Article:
- The Washington Times - Monday, March 20, 2000

The National Rifle Association intensified its verbal warfare with the Clinton administration yesterday, linking the federal government's failure to prosecute a former black militant for a 1995 gun offense to the fatal shooting of a deputy sheriff in Atlanta last week.

NRA Executive Vice President Wayne LaPierre appeared on three political talk shows yesterday and refused to apologize for remarks he made a week ago when he said President Clinton exploited gun violence for political gain.

He and NRA President Charlton Heston, who was interviewed separately on a fourth talk show, criticized the Clinton administration for failing to enforce existing gun laws. "This lack of enforcement is killing people," Mr. LaPierre said on "Fox News Sunday."

Both he and Mr. Heston cited the shooting death Thursday of Sheriff's Deputy Ricky Kinchen in Fulton County, Ga. The deputy and another officer were gunned down when they tried to arrest Jamil Abdullah Al-Amin, the former Black Panther leader once famous as H. Rap Brown.

In network appearances yesterday, the NRA officials said Mr. Al-Amin was carrying an unlicensed handgun when he was arrested in Atlanta five years ago after a man said Mr. Al-Amin shot him. The man later recanted his accusations.

Mr. LaPierre said police in the Atlanta area called the Clinton administration at the time to see if federal officials wanted to prosecute Mr. Al-Amin for illegal possession of a firearm. "The Clinton administration refused to prosecute, and he wound up killing someone," Mr. LaPierre said on Fox. At this point, Mr. Al-Amin has only been accused in the shootings, not convicted. He remains at-large.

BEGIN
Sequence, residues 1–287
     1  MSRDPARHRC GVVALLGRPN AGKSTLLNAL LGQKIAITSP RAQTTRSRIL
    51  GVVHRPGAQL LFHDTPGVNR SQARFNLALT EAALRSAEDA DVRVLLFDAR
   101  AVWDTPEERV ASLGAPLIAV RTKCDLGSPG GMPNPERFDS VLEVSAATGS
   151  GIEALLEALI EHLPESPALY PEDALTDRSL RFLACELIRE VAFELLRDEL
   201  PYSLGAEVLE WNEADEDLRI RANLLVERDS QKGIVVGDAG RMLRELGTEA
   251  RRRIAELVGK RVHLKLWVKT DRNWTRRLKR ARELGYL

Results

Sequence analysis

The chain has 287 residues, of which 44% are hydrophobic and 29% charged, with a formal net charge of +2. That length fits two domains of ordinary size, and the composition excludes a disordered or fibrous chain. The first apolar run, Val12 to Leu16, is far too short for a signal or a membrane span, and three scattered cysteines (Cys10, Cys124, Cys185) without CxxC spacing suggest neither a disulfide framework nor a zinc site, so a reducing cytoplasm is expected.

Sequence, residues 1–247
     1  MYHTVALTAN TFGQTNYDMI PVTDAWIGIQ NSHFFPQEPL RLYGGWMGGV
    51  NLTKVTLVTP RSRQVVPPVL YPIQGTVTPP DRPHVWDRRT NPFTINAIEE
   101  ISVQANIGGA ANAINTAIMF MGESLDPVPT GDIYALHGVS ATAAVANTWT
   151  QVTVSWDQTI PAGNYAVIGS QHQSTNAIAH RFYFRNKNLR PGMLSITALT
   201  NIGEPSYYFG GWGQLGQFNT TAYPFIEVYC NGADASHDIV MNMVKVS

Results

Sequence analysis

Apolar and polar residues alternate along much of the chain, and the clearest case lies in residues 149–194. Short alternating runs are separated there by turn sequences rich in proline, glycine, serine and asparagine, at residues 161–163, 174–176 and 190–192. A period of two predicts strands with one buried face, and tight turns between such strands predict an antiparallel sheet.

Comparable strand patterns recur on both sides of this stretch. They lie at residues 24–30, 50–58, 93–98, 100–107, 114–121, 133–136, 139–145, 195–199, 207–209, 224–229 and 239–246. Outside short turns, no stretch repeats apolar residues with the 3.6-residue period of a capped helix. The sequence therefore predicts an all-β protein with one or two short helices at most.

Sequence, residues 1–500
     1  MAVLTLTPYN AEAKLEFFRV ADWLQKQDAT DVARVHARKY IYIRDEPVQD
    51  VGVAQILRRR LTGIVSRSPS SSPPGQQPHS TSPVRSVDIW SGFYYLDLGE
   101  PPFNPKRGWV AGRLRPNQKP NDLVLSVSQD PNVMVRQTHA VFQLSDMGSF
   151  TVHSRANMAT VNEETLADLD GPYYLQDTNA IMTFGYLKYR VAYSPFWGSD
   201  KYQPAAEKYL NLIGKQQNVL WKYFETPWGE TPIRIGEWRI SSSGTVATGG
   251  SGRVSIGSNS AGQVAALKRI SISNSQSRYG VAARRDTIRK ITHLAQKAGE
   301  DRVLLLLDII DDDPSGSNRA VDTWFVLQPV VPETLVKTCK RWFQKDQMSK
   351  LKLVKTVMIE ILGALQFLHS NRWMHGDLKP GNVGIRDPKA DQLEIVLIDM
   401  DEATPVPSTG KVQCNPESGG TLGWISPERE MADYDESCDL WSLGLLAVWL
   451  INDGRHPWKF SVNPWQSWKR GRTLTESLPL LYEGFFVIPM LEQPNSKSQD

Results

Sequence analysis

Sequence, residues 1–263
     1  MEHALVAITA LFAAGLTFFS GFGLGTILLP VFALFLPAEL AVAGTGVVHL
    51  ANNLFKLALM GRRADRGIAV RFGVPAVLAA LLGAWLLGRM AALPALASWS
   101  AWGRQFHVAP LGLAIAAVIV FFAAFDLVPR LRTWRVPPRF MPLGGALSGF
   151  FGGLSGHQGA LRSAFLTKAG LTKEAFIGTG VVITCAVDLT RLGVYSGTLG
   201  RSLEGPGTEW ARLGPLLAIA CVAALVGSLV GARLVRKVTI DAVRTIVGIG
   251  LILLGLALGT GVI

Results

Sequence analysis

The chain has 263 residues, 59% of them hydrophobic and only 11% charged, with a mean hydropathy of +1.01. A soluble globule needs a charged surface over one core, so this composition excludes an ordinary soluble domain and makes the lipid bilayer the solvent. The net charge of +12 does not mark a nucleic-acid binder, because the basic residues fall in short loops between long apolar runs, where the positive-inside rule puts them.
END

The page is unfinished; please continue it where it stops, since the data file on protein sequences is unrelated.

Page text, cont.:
On NBC's "Meet the Press," White House press secretary Joe Lockhart said it's "not true" the administration has been lax in enforcing gun laws. "The idea that the president and vice president are responsible for murders, nobody believes that," he said.

To accuse the president of "having blood on his hands" and "of promoting violence" is "sick rhetoric," Mr. Lockhart said.

Asked about the NRA's charge that the administration refused to prosecute Mr. Al-Amin for unlawful possession of a firearm, Mr. Lockhart said on NBC it was the first he had heard of that. "You probably need to talk to local authorities… . The vast majority of [such] prosecutions are done at the state" and local levels, he said.

Mr. LaPierre doesn't deny that. But he says the federal government can also prosecute these cases, but largely doesn't. "They could have taken [Mr. Al-Amin] off the streets for up to 10 years," he told Fox.

"Rap Brown would be in jail and that sheriff would still be alive … if the Clinton administration had done its job properly," Mr. Heston said on ABC's "This Week."

White House Domestic Policy Adviser Bruce Reed, interviewed on Fox, said federal prosecution of gun crime has risen 16 percent since Mr. Clinton took office in 1993.

Mr. LaPierre disputed that figure. He said that increase followed a "50 percent drop" in federal gun crime prosecutions "since the Bush administration."

While the White House and the NRA continued to wrangle over gun control, Senate Judiciary Committee Chairman Orrin G. Hatch, Utah Republican, said he might strip gun provisions from a Senate-passed $5 billion juvenile-justice bill that has been stalled for months. The Senate bill would require a 72-hour waiting period for firearms purchases at gun shows. But the NRA and House Republicans believe that waiting period should be only 24 hours.

"I'll tell you what I'm thinking of doing," Mr. Hatch said on CBS's "Face the Nation." "I'm thinking of stripping the gun provisions off that bill, and then having one major battle on guns and let the chips fall where they may."

House Majority Whip Tom DeLay, Texas Republican, who appeared on NBC, said he does not believe gun-safety legislation requiring a three-day waiting period could pass the House. Such a requirement "would kill gun shows," he said, "and go after the Second Amendment."

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